The calamari was fine. This is such a typically pairing that it was good without sending off any bells and whistles. The Latkes, now that was another story. The potato and onion had such richness and the lemon and acid in the wine cleaned your palate for the next bite. I could have continued eating this combination all night. Our salad of greens would have been fine alone with the wine, but add the avocado to give it some creaminess and fat to cut through, a little goat cheese for some tang and a vinaigrette of lemon juice, olive oil and thyme and the pairing had real depth in each bite. The Mahi Mahi had a lemon butter sauce of lemon juice, melted butter salt, a dash of Worcestershire sauce and fresh thyme. The weight of the fish and the lemon butter were perfect and the fresh thyme added this bit of unexpected depth that all played very nicely with the wine. Our grain was brown rice with quinoa to which I added butter, lemon juice, lemon zest and grated Parmesan cheese. Again, the creaminess and the lemon were perfect with the wine, the creaminess balanced the acid and the lemon popped back in to match. So like contrasting and complementary colors, these flavors pulled from different sides of the flavor wheel to make for a happy mouth.
We also tried it with a smoke salmon and a smoked trout. The salmon was fine (kinda like the calamari). I did notice that the flavor disappeared at first and then slowly returned to fill my mouth. The trout on the other hand was really wonderful with the wine. Being smokier it felt richer than the salmon and complimented the lemon and mineral nature of the wine. This was an unexpected happy mix, inland creeks longing to return to the sea.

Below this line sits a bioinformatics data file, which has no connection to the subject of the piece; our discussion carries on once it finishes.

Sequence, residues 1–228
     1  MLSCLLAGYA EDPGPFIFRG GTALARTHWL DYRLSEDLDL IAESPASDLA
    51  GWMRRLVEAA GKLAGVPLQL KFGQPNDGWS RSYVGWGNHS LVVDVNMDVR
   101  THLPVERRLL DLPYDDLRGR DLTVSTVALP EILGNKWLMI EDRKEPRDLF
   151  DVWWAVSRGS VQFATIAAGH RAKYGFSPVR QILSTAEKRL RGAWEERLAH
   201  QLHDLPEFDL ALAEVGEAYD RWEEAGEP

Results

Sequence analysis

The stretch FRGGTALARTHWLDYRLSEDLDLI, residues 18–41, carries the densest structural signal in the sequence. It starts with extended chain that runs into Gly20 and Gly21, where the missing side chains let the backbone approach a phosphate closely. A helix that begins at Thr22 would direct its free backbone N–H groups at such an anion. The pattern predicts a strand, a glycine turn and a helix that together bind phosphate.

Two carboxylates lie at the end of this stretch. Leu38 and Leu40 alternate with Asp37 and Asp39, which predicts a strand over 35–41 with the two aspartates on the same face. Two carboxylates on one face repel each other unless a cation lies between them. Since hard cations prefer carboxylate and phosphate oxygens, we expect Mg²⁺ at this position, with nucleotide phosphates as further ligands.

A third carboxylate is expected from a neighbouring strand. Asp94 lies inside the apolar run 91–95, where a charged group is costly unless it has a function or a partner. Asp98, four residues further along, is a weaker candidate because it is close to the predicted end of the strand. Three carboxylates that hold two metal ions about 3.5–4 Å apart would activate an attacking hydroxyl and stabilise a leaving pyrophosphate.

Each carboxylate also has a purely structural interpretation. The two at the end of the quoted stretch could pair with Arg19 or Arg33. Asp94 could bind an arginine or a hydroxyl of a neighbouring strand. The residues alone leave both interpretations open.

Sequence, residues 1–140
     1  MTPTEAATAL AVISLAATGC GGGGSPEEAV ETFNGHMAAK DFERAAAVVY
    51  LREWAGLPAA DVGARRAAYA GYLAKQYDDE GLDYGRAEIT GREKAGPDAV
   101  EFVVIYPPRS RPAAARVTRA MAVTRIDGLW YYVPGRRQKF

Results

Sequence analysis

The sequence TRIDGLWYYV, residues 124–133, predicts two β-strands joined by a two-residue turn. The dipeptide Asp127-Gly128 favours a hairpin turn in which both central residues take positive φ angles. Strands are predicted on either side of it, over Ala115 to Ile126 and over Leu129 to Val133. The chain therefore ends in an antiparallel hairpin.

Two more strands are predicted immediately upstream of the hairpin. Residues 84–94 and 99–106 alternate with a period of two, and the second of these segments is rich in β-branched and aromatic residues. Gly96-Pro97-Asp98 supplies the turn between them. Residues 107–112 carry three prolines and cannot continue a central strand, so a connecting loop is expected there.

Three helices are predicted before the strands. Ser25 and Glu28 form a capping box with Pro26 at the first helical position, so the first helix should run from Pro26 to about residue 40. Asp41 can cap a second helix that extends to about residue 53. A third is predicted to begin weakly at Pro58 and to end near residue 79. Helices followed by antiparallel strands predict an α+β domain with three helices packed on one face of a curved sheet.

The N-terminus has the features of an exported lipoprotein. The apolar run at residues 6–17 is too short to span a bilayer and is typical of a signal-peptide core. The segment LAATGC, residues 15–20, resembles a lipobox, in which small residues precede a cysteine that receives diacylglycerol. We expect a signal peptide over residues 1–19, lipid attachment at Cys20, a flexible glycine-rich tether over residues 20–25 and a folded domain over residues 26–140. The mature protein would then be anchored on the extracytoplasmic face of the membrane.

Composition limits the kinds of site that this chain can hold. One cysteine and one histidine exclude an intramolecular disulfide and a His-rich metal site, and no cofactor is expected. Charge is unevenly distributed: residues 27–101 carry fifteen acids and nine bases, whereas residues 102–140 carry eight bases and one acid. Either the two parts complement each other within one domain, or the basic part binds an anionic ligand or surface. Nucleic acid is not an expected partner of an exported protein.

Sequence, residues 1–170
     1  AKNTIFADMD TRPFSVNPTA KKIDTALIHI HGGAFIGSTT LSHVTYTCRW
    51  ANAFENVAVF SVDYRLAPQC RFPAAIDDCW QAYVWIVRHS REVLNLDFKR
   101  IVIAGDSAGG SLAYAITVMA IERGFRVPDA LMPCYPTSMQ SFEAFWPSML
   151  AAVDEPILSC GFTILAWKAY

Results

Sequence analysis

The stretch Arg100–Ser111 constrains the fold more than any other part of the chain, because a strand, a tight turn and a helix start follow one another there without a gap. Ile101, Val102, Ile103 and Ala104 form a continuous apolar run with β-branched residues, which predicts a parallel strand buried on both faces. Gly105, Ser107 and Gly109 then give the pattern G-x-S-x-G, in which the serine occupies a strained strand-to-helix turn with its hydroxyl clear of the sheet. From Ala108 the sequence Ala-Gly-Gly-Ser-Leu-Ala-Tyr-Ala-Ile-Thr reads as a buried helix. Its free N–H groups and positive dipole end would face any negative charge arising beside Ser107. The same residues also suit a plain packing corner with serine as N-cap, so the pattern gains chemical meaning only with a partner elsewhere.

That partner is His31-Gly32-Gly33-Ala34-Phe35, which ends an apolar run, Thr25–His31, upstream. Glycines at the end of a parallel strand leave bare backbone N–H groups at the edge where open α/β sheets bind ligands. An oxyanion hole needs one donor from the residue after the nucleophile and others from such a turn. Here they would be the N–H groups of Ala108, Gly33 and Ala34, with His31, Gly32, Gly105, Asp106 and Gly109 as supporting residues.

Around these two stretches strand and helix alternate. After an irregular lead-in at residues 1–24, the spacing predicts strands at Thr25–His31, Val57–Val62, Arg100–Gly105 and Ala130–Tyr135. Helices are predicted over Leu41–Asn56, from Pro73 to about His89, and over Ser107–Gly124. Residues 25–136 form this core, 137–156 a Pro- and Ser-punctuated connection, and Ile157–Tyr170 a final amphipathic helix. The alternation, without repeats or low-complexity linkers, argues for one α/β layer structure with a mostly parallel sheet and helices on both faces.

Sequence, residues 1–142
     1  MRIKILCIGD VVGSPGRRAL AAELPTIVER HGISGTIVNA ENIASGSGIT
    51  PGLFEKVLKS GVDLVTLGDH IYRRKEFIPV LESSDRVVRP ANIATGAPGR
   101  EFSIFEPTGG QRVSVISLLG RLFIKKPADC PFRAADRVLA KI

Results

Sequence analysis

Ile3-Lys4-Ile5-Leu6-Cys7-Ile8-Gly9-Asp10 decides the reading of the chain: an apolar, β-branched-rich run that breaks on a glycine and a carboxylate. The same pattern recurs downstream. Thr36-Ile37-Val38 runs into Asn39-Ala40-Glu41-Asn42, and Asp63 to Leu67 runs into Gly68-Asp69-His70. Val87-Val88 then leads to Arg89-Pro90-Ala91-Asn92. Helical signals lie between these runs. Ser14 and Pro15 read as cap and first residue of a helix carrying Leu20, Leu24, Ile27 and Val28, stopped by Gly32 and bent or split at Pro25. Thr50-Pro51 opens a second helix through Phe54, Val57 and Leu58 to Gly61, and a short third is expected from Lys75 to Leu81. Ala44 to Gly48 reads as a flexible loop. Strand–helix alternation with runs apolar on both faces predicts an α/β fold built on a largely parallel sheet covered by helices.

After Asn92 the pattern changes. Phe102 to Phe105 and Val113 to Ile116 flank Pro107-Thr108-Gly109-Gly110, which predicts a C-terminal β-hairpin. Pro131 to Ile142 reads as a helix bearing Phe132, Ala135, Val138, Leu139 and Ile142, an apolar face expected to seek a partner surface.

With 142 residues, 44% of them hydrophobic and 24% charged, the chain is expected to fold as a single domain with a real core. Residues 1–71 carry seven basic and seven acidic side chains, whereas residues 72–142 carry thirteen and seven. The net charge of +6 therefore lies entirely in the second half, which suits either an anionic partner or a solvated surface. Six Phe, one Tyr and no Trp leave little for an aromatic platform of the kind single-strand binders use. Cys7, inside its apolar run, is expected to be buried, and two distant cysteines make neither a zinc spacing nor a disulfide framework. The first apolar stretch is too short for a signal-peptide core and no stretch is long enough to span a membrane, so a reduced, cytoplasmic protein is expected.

What I learned about pairing with Vinho Verde
Lemon, lemon, lemon
….that punch of lemon in your dish will reach out for the wine and want to dance.
Something richer and creamy
Then add a little creaminess, some fat to cut through, like the butter and cheese in the rice or the goat cheese and avocado in the salad. Or the richness of the potato and onion in the Latkes.
Fried is good
This wine is great with things that are fried, the salt and fat coat your palate and the acid and fizziness of the wine leave you with a clean slate for the next bite. (like the calamari and most definitely the Latkes)
Seafood is a really good bet
The Mahi Mahi paired nicely because of the weight and the sauce. A lighter fish I think would have disappeared. Any fish that is not too delicate should go nicely. I would like to try it with Swordfish or monkfish. Shrimp is also supposed to be a good bet. With the minerality…I am also wondering about shell-fish, clams or fresh oysters. Maybe I’ll try that next time.
Thyme, the unexpected harmony
Most recipes called for basil or parsley and while I can see that, I didn’t have any in the fridge. I was left with Rosemary and Thyme as my options. I went with Thyme. As I added it I was wishing it was a lemon thyme to accent those fragrances, but in the end, I think it was better as it was. The depth of fragrance really was an unexpected harmony to the meal. This earthiness, a bit of forest, maybe again it’s that “land meets the sea” creating a balance.
I wrote about Vinho Verde once before and had a different pairing then. You can check it out here: Pairings at the Keyboard! Vinho Verde